A NEW ADVENTURE..
For a decade or so I have had an excuse of a website here, the sole objective of which was to turn visitors away with heavy words that could hurt their toes.
People grow. Mostly.
In all these years, I have accumulated a body of work, writings, experiences [some more unorthodox than others], poetic ramblings, travel stories, and other creative thingamajigs, that I have religiously documented in different forms. But one must properly cobble it all together and that takes a bit of time. I am on it.
A segment of my readers might suffer withdrawal symptoms were I to fully erase my idiosyncratic and perhaps even nominally petulant page here [said some; I thought it was cute for that time, circa 2001] — aptly called "Frequently Unanswered Questions" and dubiously abbreviated as FUQ.
To honor these devout friends and bribed followers, all six and a half of you, myself excluded, I’m retaining an old link right here. There be long sentences. Watch your toes.
Hello. I am Shashank Tripathi. But not the silly grunt in New York who showcased some misguided buffoonery with his [not very clever] spoofs of Hurricane Sandy that ripped through the East coast of United States in late Oct 2012. That basically very ordinary individual, who thought he could hide behind the Twitter ID @ComfortablySmug, is unfortunately a namesake.
A TALE OF TWO SHASHANK TRIPATHI’s
To my surprise and chagrin, a publication of Forbes’ stature published a misled story and confidently linked to my website and my LinkedIn profile. Then Salon, Yahoo News, and even CNN on its TV channel, followed suit. It is said that there is no bad PR, but it is hard to savor one’s professional image being smudged in such a cavalier fashion, especially by ‘journalists’ from mainstream media.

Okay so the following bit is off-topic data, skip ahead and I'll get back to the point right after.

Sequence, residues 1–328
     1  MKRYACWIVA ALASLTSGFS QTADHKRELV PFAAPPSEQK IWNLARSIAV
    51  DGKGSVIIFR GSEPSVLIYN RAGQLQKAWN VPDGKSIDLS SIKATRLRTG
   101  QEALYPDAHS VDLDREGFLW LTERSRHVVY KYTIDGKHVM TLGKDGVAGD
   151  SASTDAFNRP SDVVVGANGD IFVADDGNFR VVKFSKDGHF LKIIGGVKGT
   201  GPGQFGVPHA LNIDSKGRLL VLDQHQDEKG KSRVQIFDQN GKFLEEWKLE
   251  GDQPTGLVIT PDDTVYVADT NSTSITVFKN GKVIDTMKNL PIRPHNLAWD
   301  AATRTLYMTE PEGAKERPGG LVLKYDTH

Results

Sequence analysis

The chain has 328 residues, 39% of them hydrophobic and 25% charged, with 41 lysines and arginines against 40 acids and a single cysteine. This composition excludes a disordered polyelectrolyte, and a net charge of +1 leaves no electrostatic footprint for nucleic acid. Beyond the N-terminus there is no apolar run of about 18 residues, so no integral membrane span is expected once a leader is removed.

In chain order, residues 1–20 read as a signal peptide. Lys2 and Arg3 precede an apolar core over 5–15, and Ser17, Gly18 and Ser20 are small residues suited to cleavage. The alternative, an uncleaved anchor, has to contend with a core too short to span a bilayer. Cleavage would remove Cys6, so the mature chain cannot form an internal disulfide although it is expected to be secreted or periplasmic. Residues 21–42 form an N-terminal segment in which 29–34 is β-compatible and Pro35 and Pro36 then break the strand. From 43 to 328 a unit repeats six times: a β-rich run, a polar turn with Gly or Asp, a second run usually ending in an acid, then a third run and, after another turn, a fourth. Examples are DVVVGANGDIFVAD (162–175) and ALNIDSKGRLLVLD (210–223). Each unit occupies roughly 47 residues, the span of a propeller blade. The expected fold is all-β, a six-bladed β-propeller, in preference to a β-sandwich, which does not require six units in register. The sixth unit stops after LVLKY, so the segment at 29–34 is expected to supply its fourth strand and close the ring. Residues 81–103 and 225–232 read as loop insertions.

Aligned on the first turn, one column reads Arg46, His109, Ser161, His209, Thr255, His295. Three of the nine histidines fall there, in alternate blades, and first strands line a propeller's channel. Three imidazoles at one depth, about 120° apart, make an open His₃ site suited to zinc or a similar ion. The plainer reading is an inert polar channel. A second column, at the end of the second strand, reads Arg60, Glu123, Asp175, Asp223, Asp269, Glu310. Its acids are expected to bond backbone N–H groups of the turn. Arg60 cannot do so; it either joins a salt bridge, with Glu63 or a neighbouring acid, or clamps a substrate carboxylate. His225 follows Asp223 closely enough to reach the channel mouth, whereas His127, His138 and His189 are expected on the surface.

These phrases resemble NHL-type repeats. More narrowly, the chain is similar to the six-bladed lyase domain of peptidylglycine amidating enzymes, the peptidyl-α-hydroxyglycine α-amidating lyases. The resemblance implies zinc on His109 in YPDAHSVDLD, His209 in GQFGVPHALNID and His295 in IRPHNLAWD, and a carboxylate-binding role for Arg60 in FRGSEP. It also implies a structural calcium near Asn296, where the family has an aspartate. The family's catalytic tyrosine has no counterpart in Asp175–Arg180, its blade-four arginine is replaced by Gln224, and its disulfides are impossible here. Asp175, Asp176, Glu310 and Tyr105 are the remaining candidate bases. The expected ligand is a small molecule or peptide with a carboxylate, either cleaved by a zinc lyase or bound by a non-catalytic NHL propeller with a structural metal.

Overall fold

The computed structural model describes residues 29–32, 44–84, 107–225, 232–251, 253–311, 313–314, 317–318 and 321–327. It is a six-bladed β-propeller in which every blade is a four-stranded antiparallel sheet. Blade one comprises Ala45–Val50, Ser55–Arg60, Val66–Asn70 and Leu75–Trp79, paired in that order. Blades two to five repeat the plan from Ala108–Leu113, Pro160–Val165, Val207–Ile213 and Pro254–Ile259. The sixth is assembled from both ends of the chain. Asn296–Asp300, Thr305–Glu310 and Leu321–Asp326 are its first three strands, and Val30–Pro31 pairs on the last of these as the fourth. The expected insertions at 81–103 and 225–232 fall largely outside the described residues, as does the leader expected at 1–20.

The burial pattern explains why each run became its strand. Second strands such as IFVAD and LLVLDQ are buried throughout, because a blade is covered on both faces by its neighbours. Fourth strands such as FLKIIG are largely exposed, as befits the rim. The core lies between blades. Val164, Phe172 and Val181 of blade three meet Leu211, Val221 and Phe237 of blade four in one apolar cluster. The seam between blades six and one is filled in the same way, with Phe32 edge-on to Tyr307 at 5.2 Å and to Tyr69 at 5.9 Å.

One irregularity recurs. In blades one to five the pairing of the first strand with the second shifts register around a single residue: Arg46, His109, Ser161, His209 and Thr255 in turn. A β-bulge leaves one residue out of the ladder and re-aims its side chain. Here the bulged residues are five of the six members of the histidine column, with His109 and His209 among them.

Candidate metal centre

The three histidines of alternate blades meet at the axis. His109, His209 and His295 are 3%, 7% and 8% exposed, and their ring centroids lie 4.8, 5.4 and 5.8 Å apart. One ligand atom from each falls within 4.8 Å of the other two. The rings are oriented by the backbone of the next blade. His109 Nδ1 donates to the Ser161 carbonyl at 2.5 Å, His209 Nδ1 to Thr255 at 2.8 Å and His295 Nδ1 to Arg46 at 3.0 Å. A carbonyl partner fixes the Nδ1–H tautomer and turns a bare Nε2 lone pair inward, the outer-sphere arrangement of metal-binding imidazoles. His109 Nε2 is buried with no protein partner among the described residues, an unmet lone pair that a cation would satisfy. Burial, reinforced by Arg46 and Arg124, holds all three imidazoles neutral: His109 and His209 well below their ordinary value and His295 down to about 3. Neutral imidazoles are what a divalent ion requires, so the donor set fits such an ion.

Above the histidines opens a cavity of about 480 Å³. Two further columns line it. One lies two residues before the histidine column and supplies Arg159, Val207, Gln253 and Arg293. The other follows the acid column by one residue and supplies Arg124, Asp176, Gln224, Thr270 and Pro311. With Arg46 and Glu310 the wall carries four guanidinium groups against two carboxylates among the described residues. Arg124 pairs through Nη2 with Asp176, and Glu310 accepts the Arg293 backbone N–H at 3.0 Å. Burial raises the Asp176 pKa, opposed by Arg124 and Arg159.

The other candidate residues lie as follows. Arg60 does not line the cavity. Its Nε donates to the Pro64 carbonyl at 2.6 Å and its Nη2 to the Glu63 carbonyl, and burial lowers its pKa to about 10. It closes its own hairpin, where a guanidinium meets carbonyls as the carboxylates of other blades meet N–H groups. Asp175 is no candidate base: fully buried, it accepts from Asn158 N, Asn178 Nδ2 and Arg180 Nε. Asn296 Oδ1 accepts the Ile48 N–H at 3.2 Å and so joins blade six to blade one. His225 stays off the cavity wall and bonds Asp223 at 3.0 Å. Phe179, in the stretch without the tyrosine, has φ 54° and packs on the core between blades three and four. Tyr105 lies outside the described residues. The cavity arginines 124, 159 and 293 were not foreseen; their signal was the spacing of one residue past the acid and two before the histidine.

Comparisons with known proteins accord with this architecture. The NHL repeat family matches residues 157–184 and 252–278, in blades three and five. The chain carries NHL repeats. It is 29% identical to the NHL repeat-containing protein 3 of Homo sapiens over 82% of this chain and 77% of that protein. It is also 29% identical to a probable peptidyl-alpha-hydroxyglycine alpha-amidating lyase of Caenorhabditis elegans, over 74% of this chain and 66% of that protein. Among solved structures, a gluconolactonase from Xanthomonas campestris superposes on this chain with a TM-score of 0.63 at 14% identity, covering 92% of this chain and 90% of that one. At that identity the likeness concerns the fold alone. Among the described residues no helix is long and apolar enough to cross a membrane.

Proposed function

And then there are the 14,000 (and counting) people who viewed my mistakenly-linked LinkedIn profile, over a hundred of whom felt it perfectly natural to leave spiteful messages in my inbox. Some of them with pedestrian grammar and most with anonymous handles. Social media can be a powerful tool—it is even an integral part of my daily profession—but the unwarranted and Pavlovian response to trolls is a side of our modern world as woeful as the trolls themselves.
In just the last three days, I have received over a hundred emails from journalists from top newspapers asking me for “Why did you do it.” Right, they really truly want to probe the innards of my psyche.
Poynter, one of the first sources to have ‘broken’ this story, recently posed the question in an equally hurried rush to get some google love:sensationalism. You got it. Now you want to discuss that sensationalism. It’s amazing what passes for ‘journalism’ these days.
I do not hide behind social pseudonyms. I am the original Shashank Tripathi, not a hack on wall street. Please feel free to write to me.
Meanwhile, hope my friends on the East coast can soon resume their normal lives.